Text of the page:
Various conversations I've been having over the past few weeks have given me the idea that resistance to the 'participatory web' (Web 2.0/social networking sites/user-generated content) could in part be based along disciplinary lines – I'd love to follow that up and find out if art historians are more resistant than social historians, for example.
Or does it depend on the context – whether the user-generated content occurs in or outside the official website, or whether the audience is an unknown mass of the general public or a community of specialists, educators or peers? Does it depend on the age of the individual? Is it about control? Or fear that we are making unknown content appear 'trustworthy' through its association with our institutions? Is it seen as unprofessional, or as pandering to the lowest common denominator?
I'm also interested in how this resistance is demonstrated – is it active (people within the institution refuse permission) or passive (people just don't produce content)?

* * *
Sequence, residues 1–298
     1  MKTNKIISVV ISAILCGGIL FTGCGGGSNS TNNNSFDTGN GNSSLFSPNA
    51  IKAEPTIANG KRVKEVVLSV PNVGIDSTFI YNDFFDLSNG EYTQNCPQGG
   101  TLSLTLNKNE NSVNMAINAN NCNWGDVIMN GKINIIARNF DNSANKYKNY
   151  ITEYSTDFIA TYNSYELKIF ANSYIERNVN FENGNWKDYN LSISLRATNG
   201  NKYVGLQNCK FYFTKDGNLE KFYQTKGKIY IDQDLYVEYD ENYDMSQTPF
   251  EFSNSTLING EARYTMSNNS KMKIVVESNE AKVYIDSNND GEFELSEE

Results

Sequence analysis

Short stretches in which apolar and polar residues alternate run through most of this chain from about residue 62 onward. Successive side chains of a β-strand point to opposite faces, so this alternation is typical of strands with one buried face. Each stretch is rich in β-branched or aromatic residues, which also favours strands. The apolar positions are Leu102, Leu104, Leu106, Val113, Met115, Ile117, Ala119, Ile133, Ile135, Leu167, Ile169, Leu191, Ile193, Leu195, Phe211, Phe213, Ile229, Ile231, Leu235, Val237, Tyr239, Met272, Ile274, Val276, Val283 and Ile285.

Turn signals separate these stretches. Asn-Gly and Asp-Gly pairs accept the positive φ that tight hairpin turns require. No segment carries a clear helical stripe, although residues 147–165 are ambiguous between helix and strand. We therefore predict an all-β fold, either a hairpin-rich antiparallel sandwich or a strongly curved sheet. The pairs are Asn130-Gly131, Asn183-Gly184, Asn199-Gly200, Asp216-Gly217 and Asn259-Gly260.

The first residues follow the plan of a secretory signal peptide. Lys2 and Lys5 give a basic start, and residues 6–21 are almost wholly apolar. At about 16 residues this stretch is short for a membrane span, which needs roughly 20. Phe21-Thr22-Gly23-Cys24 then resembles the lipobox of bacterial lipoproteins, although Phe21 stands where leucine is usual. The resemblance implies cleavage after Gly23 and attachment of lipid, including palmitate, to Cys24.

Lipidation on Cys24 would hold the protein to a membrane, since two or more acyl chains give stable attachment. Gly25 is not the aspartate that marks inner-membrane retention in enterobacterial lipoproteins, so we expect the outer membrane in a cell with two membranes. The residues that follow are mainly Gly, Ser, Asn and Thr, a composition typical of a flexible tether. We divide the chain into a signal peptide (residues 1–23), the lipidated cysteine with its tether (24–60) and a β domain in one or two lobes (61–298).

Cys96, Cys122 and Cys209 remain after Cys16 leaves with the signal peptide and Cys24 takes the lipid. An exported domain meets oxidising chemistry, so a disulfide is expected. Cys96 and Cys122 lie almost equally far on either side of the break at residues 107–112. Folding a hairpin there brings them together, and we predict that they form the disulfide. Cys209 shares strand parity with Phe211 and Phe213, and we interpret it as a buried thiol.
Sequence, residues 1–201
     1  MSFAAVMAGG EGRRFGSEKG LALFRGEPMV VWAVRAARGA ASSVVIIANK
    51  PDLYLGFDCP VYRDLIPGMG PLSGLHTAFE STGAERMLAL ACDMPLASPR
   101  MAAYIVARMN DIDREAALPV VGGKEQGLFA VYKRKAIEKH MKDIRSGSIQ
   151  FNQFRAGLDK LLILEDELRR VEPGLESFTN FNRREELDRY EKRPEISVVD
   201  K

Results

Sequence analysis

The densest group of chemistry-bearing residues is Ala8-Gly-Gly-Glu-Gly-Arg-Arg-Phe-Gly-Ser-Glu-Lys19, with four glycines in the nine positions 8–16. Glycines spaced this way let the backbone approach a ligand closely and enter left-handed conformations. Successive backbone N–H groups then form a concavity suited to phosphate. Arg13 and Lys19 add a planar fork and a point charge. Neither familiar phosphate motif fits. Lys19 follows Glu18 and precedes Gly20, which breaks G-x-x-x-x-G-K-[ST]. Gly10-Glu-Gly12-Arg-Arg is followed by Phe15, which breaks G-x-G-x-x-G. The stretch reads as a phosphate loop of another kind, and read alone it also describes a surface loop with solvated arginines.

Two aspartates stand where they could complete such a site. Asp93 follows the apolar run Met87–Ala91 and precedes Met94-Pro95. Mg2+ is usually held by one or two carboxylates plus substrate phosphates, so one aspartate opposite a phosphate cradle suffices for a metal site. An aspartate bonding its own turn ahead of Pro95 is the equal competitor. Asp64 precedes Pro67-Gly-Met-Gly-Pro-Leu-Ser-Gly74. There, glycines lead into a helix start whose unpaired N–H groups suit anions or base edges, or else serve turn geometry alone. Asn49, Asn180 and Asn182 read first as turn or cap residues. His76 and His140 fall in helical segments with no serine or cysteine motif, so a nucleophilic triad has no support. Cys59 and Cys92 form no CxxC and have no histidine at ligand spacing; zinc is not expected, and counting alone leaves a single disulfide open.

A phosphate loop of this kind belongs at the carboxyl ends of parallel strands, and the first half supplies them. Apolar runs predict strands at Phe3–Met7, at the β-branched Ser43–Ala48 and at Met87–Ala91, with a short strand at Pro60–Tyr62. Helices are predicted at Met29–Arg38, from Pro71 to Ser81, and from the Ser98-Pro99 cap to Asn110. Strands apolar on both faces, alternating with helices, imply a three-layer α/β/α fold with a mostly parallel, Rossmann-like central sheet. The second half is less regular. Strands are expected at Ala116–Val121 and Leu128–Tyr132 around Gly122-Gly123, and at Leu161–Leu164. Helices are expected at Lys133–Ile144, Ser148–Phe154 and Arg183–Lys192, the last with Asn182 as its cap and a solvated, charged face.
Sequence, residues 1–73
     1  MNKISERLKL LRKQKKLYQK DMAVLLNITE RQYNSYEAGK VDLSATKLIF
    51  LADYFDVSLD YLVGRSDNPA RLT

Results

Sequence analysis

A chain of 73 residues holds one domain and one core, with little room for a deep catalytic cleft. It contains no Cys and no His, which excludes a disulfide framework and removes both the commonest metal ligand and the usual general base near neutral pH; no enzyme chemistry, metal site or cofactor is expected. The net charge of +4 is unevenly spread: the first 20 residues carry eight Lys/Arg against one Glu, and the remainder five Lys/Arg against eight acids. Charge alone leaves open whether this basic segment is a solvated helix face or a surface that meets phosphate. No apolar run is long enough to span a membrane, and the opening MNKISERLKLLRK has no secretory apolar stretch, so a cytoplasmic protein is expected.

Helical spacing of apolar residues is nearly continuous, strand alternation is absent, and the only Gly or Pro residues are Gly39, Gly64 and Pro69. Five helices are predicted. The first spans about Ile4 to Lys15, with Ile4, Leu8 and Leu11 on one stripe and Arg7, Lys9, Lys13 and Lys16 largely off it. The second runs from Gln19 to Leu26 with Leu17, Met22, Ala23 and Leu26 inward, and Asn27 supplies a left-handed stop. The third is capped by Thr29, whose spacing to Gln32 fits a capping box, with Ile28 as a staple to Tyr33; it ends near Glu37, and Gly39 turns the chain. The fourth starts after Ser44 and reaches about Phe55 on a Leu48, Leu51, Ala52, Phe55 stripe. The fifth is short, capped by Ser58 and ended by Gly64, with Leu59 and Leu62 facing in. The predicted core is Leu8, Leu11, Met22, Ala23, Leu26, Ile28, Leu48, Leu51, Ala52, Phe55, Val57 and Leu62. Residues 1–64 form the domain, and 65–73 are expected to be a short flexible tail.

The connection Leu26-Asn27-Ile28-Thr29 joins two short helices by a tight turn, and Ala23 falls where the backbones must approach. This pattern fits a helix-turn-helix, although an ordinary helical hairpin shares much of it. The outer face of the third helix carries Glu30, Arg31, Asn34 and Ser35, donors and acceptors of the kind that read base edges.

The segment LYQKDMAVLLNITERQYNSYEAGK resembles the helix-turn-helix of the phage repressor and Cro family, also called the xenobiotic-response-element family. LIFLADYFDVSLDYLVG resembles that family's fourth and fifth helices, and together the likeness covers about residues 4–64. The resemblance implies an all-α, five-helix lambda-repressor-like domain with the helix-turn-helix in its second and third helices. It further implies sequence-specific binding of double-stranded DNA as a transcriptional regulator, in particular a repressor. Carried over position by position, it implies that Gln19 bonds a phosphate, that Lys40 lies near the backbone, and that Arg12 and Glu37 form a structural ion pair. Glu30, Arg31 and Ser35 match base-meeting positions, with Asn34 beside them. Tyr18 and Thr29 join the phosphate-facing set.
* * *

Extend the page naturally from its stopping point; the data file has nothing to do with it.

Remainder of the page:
Is user-generated content more acceptable in some contexts than others? Does it matter whether visitors are commenting on existing content with clear lines between institutional- and user-generated content (perhaps on Flickr) or editing the curators opinion (perhaps on the National Archives' Your Archive wiki)? Are reminiscences ok when other forms of user-generated content aren't? Does the ability to relate content back to a user profile make a difference?
At this point all I have is a lot of questions. If you have any experiences of resistance to or cooperation with participator web projects of your own, or know of research in this area, I'd love to hear from you.
As an aside, I suspect it doesn't help that lots of institutions block Facebook, YouTube, etc. I've always thought people should at least be able to view whatever 'timewasting' sites they like in their own lunchbreak, and it would mean that staff are more likely to be familiar with the environments in which their content might appear.